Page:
• really talk 
  • really listen
  • use non-threatening speech
  • avoid blame
  • show respect for the other by being silent while they are speaking
  • reflect the other person's emotions
  • rephrase what they say so they know you are listening
You come to realize that, yeah, maybe you don't agree on certain political issues, but you do agree on others.  Same goes for religion.  And, you may also discover that you are both huge fans of the same band or author or movie, love to travel, enjoy woodworking, love classic cars, participated in theater at the same college years earlier, share the same birthdate, went to the same high school, lived in the same far off place thirty years ago, both worked on a kibbutz, or are obsessed with Pokemon.  You never know.  Once the listening starts, all that conflict begins to be resolved, the stress eases up, and other more positive likenesses come shining through.  

Are you a good listener?  If not, use some of the tips above to improve your listening skills.  Do you have any other tips to add to the ones included here?  Feel free to leave them in the comments.  

Friday, August 11, 2017

Practice Self-Acceptance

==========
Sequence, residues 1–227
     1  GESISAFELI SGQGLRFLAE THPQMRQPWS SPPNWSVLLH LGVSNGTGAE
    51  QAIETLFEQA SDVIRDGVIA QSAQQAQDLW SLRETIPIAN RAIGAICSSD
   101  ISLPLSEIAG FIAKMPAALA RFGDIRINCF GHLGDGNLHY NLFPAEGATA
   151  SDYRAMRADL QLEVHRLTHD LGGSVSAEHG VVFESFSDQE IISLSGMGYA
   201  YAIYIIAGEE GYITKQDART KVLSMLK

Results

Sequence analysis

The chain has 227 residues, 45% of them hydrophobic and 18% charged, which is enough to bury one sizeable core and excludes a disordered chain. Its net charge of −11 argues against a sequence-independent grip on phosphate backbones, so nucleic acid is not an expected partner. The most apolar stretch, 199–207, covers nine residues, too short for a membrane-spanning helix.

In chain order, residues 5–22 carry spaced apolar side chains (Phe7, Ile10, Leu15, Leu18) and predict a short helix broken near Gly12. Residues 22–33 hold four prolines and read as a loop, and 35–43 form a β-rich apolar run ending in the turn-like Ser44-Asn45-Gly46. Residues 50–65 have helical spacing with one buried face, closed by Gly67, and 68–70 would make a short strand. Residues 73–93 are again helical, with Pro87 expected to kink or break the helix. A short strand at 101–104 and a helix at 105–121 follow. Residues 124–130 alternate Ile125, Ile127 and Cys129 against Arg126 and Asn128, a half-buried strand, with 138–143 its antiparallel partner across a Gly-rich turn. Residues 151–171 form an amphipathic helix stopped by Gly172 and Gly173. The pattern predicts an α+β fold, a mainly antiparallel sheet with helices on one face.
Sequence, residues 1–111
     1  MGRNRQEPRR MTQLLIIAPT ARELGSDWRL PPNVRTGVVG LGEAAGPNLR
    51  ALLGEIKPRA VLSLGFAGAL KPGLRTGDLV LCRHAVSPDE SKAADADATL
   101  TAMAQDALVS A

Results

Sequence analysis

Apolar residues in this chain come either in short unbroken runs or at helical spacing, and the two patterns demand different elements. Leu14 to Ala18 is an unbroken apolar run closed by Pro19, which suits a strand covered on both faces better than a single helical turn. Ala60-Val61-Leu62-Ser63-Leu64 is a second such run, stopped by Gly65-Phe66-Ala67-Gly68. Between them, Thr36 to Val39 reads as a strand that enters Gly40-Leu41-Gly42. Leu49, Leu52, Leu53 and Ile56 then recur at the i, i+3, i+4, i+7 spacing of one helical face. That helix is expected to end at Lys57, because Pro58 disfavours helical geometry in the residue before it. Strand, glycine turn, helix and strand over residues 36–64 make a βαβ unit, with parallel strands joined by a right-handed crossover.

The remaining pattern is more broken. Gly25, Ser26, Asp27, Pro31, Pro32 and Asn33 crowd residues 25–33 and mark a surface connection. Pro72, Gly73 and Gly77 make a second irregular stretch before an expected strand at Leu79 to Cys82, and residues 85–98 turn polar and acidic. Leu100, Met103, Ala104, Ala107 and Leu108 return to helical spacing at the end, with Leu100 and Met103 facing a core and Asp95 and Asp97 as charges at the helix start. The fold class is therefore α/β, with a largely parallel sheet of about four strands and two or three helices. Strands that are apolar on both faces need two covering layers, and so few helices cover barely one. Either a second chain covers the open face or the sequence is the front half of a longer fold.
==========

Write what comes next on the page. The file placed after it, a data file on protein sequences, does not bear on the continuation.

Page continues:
Self-acceptance is very important.  I didn't realize how much so until I was an adult.  I had never accepted myself fully throughout childhood.  I had never fully accepted my life with spina bifida and the health issues that came with it.  I got good at self-care, but that didn't mean I had made my peace with it.  I hated it.  I was very self-conscious, shy, and insecure.  I didn't appreciate the fact that being unique was a good thing.  I didn't appreciate my talents and strengths. 


So, how can you practice self-acceptance, you may be asking.  Here are some of the ways:

  • Avoid judging or criticizing yourself.  Be as good as you can be.  Everyone makes mistakes.  Don't beat yourself up about it.  
  • Be your own friend.  Remember that your friends wouldn't say hurtful things to you, so neither should you.